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Showing Gratitude for Our Blessings

By Rabbi Lawrence Malinger

On Tuesday evening, January 30th, we will celebrate the 15th day of the month of Shevat, otherwise known as Tu B’Shevat, the new year of the trees. This is a good time to focus on the natural world. Appreciating the natural world can help us deepen our relationship with God, through a shared faith and gratitude for all of our blessings.

We learn in the rabbinic literature that the first order of the Mishnah is Zeraim (Seeds), which deals with agricultural laws. There is a belief that when one is close to the land, that person understands very clearly how much we depend on it. The farmer knows how much one needs the rain and the sun, how much one relies on God for the blessing of our natural resources.

Farmers know that they can do their best, but without God’s blessings of the natural resources needed, there’s no guarantee of their success. Today, many tend to downplay our relationship with the earth and our dependence on the blessing of our natural resources. But the farmer knows that’s not the case. Their dependence on the land deepens their relationship with faith of God’s presence.

At URJ Camp Harlam this past summer, we studied this idea in connection to gratitude and the prayers we offer around our time of eating food. We understand that it is our obligation to appreciate the environment, which includes not only our expression of faith, but also our expression of gratitude. We have learned that we need to be grateful for the many blessings in our lives, including the process of how we get the very food that we express thanks for, both before and after we eat our meals. At camp, we conclude each and every meal with the Birkat HaMazon, the prayer of gratitude for the food we have just consume.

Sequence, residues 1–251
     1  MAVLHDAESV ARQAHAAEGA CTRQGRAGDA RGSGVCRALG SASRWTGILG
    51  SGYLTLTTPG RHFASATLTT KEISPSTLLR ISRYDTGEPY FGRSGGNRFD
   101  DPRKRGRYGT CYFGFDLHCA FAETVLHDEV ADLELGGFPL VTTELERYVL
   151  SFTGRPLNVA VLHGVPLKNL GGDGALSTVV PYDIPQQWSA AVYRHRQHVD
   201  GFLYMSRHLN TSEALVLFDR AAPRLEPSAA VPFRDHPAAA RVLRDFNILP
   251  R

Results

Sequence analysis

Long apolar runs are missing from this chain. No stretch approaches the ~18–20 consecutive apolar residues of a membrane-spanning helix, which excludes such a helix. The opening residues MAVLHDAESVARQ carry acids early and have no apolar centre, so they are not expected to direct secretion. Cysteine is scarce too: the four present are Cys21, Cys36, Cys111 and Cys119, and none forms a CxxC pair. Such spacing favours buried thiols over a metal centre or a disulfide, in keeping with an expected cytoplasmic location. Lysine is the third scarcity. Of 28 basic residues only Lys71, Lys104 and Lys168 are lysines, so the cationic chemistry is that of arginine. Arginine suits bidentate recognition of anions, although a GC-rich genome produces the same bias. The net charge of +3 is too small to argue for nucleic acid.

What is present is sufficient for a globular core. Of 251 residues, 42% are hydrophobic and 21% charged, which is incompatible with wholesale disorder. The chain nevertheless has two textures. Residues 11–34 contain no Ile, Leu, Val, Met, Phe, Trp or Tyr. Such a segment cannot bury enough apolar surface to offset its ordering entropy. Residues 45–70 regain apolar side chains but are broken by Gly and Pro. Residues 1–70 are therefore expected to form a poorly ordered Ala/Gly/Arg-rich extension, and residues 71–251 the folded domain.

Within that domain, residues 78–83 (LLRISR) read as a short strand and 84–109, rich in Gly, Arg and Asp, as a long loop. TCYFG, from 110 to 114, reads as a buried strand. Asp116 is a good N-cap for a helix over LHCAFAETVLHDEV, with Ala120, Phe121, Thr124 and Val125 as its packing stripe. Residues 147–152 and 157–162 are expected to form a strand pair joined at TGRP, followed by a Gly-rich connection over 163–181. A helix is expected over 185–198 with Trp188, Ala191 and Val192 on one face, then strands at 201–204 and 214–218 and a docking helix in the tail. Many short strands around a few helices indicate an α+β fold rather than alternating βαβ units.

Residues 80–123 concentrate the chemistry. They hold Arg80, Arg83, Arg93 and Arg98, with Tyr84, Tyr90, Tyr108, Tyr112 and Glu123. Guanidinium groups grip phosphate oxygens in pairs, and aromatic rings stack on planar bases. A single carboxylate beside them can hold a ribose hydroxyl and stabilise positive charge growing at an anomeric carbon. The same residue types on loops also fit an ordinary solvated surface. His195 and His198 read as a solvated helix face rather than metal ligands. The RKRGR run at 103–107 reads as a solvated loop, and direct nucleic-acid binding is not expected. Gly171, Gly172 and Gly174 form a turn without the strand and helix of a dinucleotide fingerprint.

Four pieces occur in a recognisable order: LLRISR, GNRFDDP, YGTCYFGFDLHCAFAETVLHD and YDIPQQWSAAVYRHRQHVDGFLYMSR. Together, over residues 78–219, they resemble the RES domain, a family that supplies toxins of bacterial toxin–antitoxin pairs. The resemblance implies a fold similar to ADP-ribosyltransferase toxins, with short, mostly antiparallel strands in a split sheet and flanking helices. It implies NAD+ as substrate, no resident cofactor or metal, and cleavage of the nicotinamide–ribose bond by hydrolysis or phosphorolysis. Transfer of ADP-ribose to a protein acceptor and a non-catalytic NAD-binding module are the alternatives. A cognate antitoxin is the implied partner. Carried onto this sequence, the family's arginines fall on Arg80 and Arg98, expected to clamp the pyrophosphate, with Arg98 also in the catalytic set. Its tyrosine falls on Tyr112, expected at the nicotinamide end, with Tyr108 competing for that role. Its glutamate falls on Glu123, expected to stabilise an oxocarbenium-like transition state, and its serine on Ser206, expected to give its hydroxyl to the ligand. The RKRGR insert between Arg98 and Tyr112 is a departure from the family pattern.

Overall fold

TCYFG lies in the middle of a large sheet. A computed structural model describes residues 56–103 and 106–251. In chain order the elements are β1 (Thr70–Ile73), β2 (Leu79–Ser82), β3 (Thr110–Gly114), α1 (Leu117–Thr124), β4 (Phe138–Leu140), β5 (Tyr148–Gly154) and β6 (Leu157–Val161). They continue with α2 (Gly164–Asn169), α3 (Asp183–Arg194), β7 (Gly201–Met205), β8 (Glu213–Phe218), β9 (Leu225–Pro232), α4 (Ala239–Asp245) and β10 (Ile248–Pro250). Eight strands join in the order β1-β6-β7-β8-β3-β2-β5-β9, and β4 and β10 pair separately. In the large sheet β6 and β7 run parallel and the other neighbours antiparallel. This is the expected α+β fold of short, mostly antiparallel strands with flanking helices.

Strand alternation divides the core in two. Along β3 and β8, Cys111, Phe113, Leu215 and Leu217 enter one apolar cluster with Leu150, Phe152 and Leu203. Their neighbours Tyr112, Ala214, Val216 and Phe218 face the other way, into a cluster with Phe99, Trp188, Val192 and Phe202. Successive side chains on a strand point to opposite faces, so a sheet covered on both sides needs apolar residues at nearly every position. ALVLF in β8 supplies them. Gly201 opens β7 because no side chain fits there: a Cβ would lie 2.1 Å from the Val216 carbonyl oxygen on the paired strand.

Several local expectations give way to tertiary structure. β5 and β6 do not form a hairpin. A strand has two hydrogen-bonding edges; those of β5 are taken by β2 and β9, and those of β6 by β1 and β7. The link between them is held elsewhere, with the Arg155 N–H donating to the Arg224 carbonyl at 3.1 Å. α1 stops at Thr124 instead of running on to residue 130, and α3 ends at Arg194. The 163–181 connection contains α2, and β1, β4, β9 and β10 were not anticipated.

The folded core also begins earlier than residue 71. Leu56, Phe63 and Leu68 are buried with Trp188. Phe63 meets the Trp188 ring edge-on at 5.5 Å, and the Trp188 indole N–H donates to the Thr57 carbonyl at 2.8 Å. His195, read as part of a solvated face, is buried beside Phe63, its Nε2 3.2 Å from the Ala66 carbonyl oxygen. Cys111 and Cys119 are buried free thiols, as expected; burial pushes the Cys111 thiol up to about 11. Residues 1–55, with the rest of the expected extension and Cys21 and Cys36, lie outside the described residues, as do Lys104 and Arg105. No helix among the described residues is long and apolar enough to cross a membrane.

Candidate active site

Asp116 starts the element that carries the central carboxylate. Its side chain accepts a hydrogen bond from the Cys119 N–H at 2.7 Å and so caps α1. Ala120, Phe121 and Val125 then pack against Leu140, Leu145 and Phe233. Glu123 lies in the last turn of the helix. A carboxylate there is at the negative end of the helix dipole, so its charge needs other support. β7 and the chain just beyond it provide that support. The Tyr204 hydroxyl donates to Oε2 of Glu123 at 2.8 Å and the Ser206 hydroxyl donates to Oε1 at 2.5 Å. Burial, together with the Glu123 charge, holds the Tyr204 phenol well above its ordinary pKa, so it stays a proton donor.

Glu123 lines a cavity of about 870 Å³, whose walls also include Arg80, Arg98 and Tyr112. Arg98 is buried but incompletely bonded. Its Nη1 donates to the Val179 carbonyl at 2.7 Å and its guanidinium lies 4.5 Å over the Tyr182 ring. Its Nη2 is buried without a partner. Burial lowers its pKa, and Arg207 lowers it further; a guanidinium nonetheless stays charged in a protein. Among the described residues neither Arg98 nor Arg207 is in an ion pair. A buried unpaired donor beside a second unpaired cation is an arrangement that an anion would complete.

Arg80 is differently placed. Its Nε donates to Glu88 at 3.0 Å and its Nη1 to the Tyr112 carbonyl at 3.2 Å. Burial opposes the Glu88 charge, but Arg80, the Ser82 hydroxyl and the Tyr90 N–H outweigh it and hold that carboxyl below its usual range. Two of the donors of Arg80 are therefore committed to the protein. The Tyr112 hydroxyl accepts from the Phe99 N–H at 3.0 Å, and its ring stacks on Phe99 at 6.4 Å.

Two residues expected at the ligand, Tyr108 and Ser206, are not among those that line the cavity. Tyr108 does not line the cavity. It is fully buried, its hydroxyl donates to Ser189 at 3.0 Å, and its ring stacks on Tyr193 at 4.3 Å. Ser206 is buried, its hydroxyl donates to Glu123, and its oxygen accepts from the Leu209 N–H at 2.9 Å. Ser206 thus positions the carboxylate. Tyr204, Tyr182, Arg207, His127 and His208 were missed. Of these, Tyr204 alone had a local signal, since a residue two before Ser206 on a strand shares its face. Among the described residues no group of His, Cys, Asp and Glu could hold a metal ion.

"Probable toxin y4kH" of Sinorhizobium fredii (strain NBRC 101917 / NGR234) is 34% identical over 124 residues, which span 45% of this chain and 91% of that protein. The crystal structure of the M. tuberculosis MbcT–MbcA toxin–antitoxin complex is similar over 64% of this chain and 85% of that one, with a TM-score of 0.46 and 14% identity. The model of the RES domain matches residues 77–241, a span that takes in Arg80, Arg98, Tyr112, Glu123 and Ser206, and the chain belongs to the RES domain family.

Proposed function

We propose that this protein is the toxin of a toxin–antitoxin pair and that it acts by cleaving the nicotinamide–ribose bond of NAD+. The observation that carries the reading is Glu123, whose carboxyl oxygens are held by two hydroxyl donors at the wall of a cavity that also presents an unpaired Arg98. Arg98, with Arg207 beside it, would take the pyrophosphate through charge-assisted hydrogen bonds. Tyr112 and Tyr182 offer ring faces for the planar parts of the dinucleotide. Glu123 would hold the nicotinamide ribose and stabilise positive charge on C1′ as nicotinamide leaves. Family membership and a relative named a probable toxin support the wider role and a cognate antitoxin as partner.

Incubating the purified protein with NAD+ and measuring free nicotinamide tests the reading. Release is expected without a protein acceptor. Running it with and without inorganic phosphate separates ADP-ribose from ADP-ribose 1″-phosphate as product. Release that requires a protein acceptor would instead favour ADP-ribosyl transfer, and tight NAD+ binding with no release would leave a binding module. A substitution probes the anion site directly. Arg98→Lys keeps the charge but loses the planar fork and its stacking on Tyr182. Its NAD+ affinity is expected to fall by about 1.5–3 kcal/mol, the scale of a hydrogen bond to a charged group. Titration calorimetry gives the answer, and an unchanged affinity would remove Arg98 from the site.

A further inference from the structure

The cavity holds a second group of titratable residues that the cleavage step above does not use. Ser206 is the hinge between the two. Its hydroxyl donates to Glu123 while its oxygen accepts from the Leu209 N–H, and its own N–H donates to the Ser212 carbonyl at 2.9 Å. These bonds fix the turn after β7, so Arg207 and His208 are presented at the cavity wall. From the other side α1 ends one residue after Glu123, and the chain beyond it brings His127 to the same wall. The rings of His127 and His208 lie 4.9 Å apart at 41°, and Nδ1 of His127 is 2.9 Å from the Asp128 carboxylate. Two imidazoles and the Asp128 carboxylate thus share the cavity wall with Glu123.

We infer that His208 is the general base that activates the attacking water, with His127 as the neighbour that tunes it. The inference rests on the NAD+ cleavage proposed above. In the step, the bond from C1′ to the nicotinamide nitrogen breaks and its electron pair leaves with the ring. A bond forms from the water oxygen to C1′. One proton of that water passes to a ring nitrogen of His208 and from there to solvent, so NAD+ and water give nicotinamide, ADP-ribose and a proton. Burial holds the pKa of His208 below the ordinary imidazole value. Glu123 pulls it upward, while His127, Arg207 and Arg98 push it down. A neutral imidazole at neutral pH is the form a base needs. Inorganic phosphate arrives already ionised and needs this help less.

Our campers added some additional lines to this prayer. Here are two examples:

Praise God for providing seeds. Thank the farmers for planting, growing, and harvesting the wheat. Thanks to the people who turn wheat into flour. Show gratitude to the chefs for making and cooking the dough. Thank everyone in the making of our bread. – Eitan

We praise You God for providing us food and we thank all the people who helped it get to our table. We are thankful for the good nutrition it provides. We also appreciate the farmers, millers, shippers, chefs, and everyone else. We praise Adonai for bringing us food and ask for God to bring peace and love to all. – Sasha

Tu B’Shevat is the perfect opportunity to remind ourselves to reaffirm our faith in the divine presence, which enables our food to grow and to gather together to share our gratitude for the many wonderful blessings we have in our lives. This year on Tu B’Shevat, let’s take a few moments to appreciate our connections to the physical world, appreciate God’s marvelous creation, and protect the natural resources that have been granted to us. Let’s always be grateful for the many blessings.

Rabbi Laurence Malinger is the rabbi of Temple Shalom of Aberdeen, NJ and has served on faculty at URJ Camp Harlam for more than 17 summers.

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